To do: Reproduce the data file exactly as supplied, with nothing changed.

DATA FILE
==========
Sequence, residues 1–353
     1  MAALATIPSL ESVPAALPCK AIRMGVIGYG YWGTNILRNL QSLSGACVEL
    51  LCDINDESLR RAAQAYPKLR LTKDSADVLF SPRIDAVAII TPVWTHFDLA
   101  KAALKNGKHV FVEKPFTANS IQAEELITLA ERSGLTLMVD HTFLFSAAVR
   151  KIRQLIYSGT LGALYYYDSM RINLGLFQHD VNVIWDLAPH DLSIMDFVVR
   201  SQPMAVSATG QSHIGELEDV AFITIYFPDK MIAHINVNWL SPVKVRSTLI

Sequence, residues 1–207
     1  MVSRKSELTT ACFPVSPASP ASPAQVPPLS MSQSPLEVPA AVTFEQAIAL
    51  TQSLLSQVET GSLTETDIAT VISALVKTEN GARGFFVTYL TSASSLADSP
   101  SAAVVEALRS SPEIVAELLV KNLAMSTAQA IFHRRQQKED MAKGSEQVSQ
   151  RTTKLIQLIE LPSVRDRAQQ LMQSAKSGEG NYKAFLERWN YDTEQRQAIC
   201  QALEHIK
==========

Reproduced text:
Sequence, residues 1–353
     1  MAALATIPSL ESVPAALPCK AIRMGVIGYG YWGTNILRNL QSLSGACVEL
    51  LCDINDESLR RAAQAYPKLR LTKDSADVLF SPRIDAVAII TPVWTHFDLA
   101  KAALKNGKHV FVEKPFTANS IQAEELITLA ERSGLTLMVD HTFLFSAAVR
   151  KIRQLIYSGT LGALYYYDSM RINLGLFQHD VNVIWDLAPH DLSIMDFVVR
   201  SQPMAVSATG QSHIGELEDV AFITIYFPDK MIAHINVNWL SPVKVRSTLI

Sequence, residues 1–207
     1  MVSRKSELTT ACFPVSPASP ASPAQVPPLS MSQSPLEVPA AVTFEQAIAL
    51  TQSLLSQVET GSLTETDIAT VISALVKTEN GARGFFVTYL TSASSLADSP
   101  SAAVVEALRS SPEIVAELLV KNLAMSTAQA IFHRRQQKED MAKGSEQVSQ
   151  RTTKLIQLIE LPSVRDRAQQ LMQSAKSGEG NYKAFLERWN YDTEQRQAIC
   201  QALEHIK